"Then, thanks to laws that allowed them to patent genes, Monsanto got into one of the most disjointed, independent agricultural industries: seeds. There were once hundreds of small seed companies across the Midwest that sprang up to serve the needs of farmers for public varieties of everything from corn, wheat, and soybeans, to alfalfa," Oswald writes. "These small companies were easy picking for a patent-wielding pro like Monsanto. Monsanto is now the largest seed-selling corporation in the world."
Bayer is looking to acquire Monsanto, Chem China is acquiring Sygenta and DuPont and Dow are merging, meaning that three companies will own half of all global seed sales.
"Bayer wants to buy Monsanto for all the reasons Monsanto used when it bought out its own competition—because they say the world needs a more productive agriculture to meet the needs of a growing population," Oswald writes. "In truth, the real reason is most likely that corporations see a clear path to higher profits through acquisition."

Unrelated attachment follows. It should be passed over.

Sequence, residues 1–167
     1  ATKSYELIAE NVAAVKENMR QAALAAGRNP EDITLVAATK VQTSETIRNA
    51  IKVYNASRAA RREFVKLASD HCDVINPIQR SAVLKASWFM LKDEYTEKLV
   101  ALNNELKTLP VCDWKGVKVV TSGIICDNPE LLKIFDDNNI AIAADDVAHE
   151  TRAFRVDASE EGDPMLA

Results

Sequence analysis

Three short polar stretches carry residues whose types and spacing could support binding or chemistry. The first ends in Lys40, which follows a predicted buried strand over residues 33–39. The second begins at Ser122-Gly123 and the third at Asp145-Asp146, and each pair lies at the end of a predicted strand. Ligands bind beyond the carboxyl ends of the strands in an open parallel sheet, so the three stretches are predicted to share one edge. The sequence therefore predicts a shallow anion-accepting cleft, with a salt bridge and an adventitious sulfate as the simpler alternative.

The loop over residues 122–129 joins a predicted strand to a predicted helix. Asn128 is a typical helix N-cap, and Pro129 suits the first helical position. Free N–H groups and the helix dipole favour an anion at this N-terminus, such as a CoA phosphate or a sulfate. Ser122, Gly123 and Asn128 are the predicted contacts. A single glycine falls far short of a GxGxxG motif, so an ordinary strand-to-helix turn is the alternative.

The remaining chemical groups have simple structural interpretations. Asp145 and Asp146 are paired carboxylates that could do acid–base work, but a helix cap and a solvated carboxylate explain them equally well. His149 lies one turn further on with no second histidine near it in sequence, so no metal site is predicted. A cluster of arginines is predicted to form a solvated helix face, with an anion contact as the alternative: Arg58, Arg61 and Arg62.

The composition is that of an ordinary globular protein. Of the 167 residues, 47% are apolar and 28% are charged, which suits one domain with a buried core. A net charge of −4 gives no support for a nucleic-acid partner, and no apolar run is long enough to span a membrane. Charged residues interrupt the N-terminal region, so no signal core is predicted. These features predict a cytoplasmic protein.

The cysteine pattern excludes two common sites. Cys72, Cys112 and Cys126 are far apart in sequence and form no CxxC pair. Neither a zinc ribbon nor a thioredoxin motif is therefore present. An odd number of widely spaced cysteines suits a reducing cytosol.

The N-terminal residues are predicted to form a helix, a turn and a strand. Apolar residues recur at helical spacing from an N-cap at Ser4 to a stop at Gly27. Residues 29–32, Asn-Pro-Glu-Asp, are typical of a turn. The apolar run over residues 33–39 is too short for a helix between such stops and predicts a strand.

"Those big companies at the head of the problem won’t reduce prices because they don’t have to," Oswald writes. "They control access and the markets where those inputs are sold. Even though seeds are really just grain, and pesticides and fertilizer are many times just petroleum-related products. Lower grain and oil prices don’t translate into savings for farmers. The only way these companies will reduce their prices is if farmers stop buying from them. And the only way that would happen is if farmers had the choice to purchase from a competitor. Or because the farmers went broke." (Read more)